With the return of several veteran drivers and additions of the sport’s top rookie competitors to the World of Outlaws Morton Buildings Late Model Series over the past few seasons, the longest-tenured member of the full-time roster without missing a season is now Chase Junghans.
Junghans, of Manhattan, KS, has held a roster spot for some time in every season since his rookie campaign in 2014. Ever since then, he’s been steadily improving. In seasons making more than 30 starts, he’s slowly been creeping up the year-end points tally finishing order. He’s had a win three different seasons and has also been improving every year in other stats categories such as top-10s and laps led.[table “10” not found /]
Hailing from the Great Plains, Junghans normally has the farthest tow to wherever the next race is and come about as far in a career that’s seen him with multiple different car designs, chassis and even haircuts. Looking back on his first few starts with the Outlaws over six years ago, Junghans reflects on what it was like to be a nationally touring driver at the age of 20.
“I was just enjoying it,” he said. “That was like the first time I finally got to travel with racing full-time, it was fun. I was just out there racing, I wasn’t really worried about results or anything, was just trying to better myself racing with the best of the best.”
Starting out as a teenage Modified racer around his local Midwest tracks, Junghans raced several years alongside older brother Grant, who passed in 2016 after a six-year battle with cancer. Junghans switched to a Late Model in 2013 and has enjoyed every minute of the road grind since.
“It’s about the only thing I know how to do, honestly,” Junghans said. “I’ve been doing it since God knows when. I’ve been around racecars since I was able to scrape mud, it seems like.
“I didn’t really ever do any sports or anything, it was either hanging out at the racetrack or working out in the shop here in Manhattan. It seems like it’s in my blood, that’s all I’ve ever known how to do.”
The 2019 season was Junghans’ best yet. He scored his third career tour victory in July at Red Cedar Speedway and amassed a personal record of Drydene Heat race wins, Morton Buildings Feature top-fives, top-10s and laps led. A fourth-place result in the overall points standings was enough to bring the raw emotion right out of him as he reflected on his greatest accomplishments at the year-end banquet.
However, the 27-year-old has been through some struggles as of late. But he will recover.
“I feel like I’m a consistent eighth-place car, but I need to get better, for sure,” Junghans said. “Lost a couple of crew guys after Speedweeks, so it’s just been me and my other guy, but we know what we’ve got to do.”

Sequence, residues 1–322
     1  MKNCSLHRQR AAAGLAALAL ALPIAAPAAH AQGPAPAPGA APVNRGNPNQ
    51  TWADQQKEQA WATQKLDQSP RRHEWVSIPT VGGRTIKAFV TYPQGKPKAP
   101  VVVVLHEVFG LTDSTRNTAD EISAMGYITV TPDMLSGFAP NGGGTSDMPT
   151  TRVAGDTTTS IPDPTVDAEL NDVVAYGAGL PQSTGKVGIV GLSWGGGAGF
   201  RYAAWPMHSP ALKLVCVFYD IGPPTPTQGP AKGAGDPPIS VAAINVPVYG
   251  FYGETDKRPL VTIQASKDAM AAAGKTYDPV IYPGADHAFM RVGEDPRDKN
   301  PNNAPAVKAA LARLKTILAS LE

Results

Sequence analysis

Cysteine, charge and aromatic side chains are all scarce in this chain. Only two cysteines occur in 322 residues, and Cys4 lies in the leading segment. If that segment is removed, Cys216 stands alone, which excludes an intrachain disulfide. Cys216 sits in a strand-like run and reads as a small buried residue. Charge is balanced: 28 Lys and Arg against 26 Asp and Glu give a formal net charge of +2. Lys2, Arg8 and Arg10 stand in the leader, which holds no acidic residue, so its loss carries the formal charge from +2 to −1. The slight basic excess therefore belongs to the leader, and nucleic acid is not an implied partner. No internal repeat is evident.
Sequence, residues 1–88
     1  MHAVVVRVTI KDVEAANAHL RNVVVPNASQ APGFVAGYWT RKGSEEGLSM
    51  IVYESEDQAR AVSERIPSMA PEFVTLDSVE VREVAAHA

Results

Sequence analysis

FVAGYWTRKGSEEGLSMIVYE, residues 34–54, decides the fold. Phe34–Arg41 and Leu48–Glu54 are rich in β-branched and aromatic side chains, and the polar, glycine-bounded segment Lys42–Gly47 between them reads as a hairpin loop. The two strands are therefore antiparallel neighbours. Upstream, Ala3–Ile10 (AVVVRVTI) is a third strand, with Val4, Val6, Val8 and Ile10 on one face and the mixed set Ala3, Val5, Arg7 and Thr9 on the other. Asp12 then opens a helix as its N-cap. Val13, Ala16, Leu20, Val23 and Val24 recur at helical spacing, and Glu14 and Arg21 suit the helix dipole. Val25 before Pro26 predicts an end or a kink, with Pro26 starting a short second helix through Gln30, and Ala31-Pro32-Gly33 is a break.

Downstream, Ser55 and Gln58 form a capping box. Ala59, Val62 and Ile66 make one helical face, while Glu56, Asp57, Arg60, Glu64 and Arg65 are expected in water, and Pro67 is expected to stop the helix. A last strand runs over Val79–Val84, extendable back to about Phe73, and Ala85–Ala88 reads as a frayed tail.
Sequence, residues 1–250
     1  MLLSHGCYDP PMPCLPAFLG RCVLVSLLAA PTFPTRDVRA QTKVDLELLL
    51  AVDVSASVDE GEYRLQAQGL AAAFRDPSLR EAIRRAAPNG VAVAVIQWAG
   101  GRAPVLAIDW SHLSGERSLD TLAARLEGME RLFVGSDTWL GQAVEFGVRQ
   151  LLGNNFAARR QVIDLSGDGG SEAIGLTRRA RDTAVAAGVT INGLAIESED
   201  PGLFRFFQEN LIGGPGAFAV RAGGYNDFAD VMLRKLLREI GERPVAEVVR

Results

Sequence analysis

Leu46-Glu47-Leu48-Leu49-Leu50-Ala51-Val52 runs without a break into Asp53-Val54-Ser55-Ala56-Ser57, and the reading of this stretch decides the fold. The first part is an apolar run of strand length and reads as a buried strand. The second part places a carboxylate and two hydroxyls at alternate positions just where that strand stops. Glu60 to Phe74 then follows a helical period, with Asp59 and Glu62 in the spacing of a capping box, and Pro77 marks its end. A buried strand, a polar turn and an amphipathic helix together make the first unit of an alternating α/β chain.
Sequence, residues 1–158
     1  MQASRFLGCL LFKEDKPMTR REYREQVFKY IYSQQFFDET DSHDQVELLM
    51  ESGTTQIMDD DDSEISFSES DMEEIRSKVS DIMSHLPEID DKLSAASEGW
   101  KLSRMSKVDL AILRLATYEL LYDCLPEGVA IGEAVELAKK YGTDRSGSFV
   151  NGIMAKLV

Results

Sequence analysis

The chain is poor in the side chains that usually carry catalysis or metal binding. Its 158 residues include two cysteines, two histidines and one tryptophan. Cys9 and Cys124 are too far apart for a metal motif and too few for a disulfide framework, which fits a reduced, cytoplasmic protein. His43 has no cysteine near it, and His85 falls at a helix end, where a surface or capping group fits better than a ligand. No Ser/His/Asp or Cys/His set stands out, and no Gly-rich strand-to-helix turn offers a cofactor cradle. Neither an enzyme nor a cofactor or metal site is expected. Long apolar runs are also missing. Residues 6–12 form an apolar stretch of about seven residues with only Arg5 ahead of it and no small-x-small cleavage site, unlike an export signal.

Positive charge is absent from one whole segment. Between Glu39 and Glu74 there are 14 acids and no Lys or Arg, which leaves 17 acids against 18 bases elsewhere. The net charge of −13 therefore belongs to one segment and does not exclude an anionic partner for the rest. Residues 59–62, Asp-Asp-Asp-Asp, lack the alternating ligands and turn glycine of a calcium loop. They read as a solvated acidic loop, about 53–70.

Drivers and teams will come and go, and the World of Outlaws has seen plenty cycle in-and-out of the full-time roster every year since its inception. But Junghans has been loyal, season-after-season, and has no plans of doing anything else for a full-time job any time soon.
“It’s just been a blessing to be able to do it,” he said. “I don’t know how long I’ll keep on doing it, but we’ve been enjoying it since we started. Even when we run like crap or things don’t go the way we want, it’s still a lot better than an 8-to-5.”
For the 2017 season, Junghans made the chassis switch from Capital Race Cars to Rocket Chassis. He had befriended Rocket Chassis house car driver Brandon Sheppard in earlier seasons, racing at various events around the country and at Arizona Speedway’s Wild West Shootout, and Junghans soon developed a professional relationship with Rocket1 owner Mark Richards.
Junghans said he’s been very grateful for the help that Richards, Sheppard and the rest of the Rocket1 team has provided in previous years, and fans can still catch them parking beside each other at World of Outlaws events.
“If there’s ever anything that happens at the track or something, it seems like all those guys are there to help,” Junghans said. “If you get caught in a predicament, they’ve got their stuff so organized, they can normally help you out with something if you’re in a 9-1-1 deal.”
Though the motorsports world is on pause for now, Junghans continues to push forward in his efforts to improve himself as a driver and the strength of the team around him. Reflecting back a bit on just how far he’s come as a Dirt Late Model pilot on the national level, he has a very important piece of advice he’d give his 20-year-old self as a rookie in 2014, and any other aspiring racecar driver in the making.
“Just don’t ever give up,” Junghans said. “If you’re able to do it, I highly suggest you go out and try to race with us. Even though you get your butt kicked in the dirt all the time, you’re only going to be as good as who you race against, that’s the way I look at it.”